That windmill seems to represent Fortunata’s passion for Maximiliano: listless and providing very little energy, but stable, too.
Fortunata does not believe her manic friend, who is sitting on the manure pile, has really seen the Virgin. Everyone else does, even the most naive nun (the former aristocrat lady who never sins), but I mean, come on, she is literally sitting on a pile of compost. Or is this symbol deeper than the obvious?
I like how there is a distinction between the monstrance and the eucharist inside – the jewel is the vessel but the truth the cargo. And the way the ‘white idea’ (eucharist; Christ) speaks in her is very plain and simple and veneracilar. And she’s smiling to herself as she prays. Be grateful for what you’re given.
Fortunata taking with Maurica about her upcoming marriage as she washes the clothes = getting clean. The clothes hiss faintly when held under water as if the sin is washing out of them.
The nuns sure are worried about the girls having sex with each other.
I guess I’ve been too easy on Guillermina. I didn’t think about how she was complicit in ‘buying’ Pituso, and now we learn how she had the police grab the girl Felisa and force her to the convent.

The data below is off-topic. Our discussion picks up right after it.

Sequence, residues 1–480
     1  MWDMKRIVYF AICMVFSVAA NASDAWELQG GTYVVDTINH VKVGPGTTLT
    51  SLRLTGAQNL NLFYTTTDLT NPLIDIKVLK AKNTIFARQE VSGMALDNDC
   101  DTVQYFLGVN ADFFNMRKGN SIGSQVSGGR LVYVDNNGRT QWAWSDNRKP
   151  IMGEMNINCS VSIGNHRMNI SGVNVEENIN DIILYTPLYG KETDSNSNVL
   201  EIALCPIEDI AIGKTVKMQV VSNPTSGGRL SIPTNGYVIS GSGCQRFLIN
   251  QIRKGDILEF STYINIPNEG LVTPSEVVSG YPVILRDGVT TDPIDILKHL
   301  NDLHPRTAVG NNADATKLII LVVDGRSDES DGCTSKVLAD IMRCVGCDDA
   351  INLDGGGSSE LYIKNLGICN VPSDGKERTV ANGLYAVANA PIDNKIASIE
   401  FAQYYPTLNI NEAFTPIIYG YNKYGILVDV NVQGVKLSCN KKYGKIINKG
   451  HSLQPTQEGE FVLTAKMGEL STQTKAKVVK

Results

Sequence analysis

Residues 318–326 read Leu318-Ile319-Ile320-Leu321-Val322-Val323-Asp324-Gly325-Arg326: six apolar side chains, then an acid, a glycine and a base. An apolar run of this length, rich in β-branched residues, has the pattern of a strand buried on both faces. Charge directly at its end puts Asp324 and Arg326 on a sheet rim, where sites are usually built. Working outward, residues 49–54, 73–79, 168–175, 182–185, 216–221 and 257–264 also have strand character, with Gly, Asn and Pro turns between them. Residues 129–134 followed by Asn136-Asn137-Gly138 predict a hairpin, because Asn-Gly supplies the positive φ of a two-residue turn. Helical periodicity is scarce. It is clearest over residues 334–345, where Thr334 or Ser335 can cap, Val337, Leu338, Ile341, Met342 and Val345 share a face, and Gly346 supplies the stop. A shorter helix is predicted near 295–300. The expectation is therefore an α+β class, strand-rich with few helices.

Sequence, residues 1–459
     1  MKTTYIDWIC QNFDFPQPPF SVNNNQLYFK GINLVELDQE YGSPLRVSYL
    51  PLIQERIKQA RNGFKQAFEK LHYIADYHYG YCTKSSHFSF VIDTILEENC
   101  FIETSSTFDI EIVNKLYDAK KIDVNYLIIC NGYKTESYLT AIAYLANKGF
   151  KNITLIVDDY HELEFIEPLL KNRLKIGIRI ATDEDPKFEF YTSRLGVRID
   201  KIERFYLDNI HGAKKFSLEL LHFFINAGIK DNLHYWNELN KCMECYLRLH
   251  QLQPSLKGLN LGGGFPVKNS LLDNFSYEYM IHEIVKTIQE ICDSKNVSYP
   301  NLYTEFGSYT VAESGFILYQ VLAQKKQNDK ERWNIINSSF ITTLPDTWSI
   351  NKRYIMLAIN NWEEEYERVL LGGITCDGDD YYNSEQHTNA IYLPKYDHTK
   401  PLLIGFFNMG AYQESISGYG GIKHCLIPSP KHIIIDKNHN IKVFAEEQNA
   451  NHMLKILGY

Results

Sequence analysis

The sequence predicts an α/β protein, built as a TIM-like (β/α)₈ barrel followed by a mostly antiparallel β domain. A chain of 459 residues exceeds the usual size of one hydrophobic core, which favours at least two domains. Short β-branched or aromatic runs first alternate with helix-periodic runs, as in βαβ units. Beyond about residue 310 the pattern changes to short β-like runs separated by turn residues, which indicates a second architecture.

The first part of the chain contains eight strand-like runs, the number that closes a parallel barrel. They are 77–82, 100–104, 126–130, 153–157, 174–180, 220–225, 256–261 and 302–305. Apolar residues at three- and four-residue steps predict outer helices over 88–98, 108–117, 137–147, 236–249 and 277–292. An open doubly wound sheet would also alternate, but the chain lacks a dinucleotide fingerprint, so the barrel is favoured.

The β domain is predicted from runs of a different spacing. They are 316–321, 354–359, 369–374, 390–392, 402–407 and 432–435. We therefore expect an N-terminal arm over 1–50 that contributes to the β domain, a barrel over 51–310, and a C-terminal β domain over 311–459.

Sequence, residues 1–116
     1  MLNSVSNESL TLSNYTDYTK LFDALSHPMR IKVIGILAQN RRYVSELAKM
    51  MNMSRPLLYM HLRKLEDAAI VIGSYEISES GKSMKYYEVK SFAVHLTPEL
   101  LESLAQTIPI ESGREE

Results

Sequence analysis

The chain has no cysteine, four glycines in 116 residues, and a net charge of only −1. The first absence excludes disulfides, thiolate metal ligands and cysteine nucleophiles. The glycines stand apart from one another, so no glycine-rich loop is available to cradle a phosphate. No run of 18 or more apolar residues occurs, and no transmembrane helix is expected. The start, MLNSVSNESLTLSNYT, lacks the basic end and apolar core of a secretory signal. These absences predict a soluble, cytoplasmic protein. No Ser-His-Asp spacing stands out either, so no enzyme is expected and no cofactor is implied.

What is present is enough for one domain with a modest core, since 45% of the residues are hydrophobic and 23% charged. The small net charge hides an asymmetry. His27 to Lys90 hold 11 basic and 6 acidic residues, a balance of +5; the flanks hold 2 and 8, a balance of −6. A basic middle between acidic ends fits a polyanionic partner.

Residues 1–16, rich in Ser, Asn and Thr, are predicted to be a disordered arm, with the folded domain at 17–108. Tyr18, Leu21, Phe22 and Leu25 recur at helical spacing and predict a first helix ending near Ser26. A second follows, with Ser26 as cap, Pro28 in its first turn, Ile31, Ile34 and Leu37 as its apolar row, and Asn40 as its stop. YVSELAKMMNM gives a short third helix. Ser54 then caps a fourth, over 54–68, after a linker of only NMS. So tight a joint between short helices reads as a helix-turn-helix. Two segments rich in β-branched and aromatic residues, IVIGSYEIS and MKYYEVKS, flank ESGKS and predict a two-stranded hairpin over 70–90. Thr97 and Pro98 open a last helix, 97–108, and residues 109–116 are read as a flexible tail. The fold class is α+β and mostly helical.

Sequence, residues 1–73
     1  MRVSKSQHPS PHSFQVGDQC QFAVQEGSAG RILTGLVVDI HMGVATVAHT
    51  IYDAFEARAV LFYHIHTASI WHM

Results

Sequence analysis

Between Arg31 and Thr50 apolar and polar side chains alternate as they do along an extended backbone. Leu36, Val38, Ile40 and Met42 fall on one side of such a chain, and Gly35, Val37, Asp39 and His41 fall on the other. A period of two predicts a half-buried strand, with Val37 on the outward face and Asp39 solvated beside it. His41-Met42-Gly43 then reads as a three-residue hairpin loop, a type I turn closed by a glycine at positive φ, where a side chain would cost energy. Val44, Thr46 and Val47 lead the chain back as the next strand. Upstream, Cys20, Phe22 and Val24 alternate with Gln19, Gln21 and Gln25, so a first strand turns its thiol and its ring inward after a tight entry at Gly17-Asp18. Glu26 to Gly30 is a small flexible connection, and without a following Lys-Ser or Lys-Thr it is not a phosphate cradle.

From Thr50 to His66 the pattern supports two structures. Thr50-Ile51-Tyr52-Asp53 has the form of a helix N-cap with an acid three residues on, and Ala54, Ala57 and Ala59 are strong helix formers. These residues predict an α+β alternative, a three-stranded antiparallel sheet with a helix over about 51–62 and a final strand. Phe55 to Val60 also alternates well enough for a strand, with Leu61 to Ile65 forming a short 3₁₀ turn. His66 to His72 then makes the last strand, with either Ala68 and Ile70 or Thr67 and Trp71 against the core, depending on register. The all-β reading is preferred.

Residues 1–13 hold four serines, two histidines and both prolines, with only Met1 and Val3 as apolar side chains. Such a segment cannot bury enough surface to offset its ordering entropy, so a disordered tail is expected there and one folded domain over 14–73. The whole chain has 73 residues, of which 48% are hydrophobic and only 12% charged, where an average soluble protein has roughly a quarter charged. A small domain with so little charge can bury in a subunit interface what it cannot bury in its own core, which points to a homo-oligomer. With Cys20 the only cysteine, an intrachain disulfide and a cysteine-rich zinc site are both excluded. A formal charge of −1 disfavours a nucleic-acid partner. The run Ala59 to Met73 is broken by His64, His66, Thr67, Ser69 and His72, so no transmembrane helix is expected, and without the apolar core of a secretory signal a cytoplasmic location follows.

Naumann and Ladislaw are fun.
We see Dorothea through two sets of eyes, one sees her as a beauty to be painted, the other as just Mrs. Casaubon. They even argue about interpretation, Naumann wishes to paint his Christian Antigone, Ladislaw doesn’t want much to do with her.
So even though we know Dorothea we see her, as everyone, as being very different people – we are seen this way: as multitudes.
I feel like I should read this novel twice so that on second reading I’d have a stronger grasp of all that is going on. There is so much interconnected here, so many long-standing relationships that to just jump in is daunting.